The mother of a 12-year-old boy hit by a car as he walked home from school is being chased for damages by the driver's insurance company.
The insurance company says it is following standard procedure, and as she is legally responsible for her child, she must pay up.
On April 15 Melony Lowe's son Mike was struck by a car as he walked home from Bucklands Beach School about 3.15pm.
He was pushing his scooter across Loloma Drive when a car came around the corner and collided with him.
While Mike is allowed to scooter home, he has to get off and walk it across any streets. He usually crosses at the top of Loloma Drive but on the day he was hit he was down the road a few metres and crossed from between two cars.
The car did not knock Mike off his feet, but its tyre left a black mark and bruising on his knee.
"My boy also hit his chin on the top of the car and bit his tongue. He was quite shaken up about the whole event," Ms Lowe said.
"When he got home he was in tears. He was actually really distraught. I called the school the next day to let them know what had happened, and then we left it there and didn't do anything else about it."
Several days after the accident Ms Lowe was contacted by NZI Insurance, saying the driver had filed a claim relating to damage caused to his car by Mike's scooter.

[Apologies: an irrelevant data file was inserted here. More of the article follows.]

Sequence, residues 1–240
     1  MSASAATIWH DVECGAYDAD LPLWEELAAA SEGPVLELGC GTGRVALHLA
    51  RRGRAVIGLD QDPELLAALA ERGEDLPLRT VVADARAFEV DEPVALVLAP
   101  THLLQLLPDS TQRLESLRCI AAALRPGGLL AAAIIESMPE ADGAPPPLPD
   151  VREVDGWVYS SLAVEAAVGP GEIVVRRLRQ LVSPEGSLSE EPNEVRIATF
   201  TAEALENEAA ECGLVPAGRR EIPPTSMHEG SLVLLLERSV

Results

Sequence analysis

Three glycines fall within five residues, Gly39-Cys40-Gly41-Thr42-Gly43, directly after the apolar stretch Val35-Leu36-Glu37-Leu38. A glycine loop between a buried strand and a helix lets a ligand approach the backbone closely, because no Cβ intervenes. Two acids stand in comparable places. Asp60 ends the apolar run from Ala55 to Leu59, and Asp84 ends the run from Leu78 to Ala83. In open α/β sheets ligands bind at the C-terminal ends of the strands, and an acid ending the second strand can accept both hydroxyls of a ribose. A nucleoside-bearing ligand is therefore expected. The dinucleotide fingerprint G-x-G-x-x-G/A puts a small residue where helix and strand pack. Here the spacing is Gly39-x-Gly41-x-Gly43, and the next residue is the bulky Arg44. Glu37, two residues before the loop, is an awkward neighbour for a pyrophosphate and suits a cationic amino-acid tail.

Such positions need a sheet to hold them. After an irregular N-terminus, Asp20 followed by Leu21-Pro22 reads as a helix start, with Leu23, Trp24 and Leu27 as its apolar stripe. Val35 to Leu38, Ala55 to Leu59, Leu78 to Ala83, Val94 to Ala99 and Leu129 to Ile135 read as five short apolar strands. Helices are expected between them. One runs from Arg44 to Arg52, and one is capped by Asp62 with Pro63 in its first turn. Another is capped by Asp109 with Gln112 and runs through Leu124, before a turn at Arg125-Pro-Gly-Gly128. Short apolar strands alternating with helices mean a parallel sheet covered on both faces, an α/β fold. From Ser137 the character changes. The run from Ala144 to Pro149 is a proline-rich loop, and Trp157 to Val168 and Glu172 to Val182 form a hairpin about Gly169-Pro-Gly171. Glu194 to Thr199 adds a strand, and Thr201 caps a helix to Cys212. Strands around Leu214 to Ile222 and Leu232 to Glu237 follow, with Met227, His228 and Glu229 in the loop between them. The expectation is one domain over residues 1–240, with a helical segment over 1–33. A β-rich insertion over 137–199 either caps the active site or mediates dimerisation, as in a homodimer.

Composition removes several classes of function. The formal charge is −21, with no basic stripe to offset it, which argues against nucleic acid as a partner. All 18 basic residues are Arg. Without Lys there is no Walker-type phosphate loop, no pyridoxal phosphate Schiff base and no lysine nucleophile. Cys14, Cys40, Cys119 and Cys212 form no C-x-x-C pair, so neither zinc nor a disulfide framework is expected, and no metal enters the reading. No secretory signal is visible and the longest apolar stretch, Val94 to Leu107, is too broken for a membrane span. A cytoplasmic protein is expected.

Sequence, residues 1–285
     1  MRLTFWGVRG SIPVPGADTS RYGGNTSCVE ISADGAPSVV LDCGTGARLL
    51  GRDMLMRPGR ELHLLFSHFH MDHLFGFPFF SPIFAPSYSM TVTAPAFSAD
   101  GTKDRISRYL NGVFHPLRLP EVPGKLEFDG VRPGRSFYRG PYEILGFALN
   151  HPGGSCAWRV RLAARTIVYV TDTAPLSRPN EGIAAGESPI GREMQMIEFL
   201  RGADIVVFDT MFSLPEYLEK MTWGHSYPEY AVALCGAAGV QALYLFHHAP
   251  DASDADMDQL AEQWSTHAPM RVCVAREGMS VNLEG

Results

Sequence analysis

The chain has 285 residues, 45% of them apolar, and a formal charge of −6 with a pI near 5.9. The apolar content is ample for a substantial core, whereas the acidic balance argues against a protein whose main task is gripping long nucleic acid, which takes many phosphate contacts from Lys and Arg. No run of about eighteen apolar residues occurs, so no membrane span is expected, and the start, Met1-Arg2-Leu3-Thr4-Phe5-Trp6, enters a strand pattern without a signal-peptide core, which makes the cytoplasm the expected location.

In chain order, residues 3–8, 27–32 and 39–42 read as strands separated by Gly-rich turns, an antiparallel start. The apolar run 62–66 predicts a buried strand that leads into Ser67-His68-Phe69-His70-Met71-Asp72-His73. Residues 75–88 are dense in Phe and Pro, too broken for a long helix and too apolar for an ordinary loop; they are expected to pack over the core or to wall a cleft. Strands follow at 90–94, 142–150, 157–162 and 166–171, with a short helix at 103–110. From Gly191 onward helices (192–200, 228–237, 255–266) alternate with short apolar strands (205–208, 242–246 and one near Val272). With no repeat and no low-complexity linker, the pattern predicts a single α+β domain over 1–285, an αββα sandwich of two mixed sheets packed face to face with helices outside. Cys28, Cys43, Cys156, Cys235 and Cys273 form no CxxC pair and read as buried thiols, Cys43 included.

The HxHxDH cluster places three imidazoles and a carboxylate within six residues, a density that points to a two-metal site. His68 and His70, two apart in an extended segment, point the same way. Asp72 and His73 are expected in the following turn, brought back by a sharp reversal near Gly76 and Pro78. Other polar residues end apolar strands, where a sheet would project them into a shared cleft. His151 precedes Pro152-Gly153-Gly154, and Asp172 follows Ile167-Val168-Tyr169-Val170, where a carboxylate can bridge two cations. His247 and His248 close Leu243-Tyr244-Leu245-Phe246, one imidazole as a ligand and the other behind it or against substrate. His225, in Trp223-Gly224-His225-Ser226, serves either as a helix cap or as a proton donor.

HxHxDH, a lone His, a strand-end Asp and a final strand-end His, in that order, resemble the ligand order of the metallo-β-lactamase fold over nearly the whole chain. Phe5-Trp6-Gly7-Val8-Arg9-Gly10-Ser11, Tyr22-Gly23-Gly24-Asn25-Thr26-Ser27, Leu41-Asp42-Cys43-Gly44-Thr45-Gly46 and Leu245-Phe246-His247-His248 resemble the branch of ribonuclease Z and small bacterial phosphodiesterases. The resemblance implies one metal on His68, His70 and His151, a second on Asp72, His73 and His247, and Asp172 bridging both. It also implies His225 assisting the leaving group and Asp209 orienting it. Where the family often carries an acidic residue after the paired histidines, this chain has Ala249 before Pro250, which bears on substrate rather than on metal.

She contacted the police, who said that because Mike crossed the road in the wrong place he caused the collision.
"That was fine, I accepted that. And then I got a second letter saying I owed them $1569 as they understood I was liable for the damage.
"I am astounded they are holding me liable. It's absolutely not fair. I can see from a technical standpoint how an insurance company would think this way, but this is crazy. It was an accident involving my son, I wasn't even there.
"My boy made a mistake and it could have killed him. And now this? It's crazy, it's not a good look."
Ms Lowe has not been given a breakdown of damage done or repair costs.
NZI spokesman Craig Dowling said the case was unusual, but the key consideration in the claim against Ms Lowe was fault.
"If the fault was identified as being with the driver in this instance then the driver's insurance would cover the full cost of the incident," he said.
"Where the damage is identified as being the fault of someone else, it is standard practice for an insurer to seek to recover costs from that other person. "It would seem appropriate, as outlined in the initial letter, that if Melony has contents insurance which covers against claims of this nature, then she refers this claim to her insurance company in which case we would sort this out directly with her insurer."
Insurance Council of New Zealand chief executive Tim Grafton said ultimately parents were responsible for any damage done by their children.
"Cases such as this are relatively uncommon, but recovery of costs from a negligent party is standard insurance practice," he said.
Ms Lowe said she had contacted her own insurer and was waiting for its response.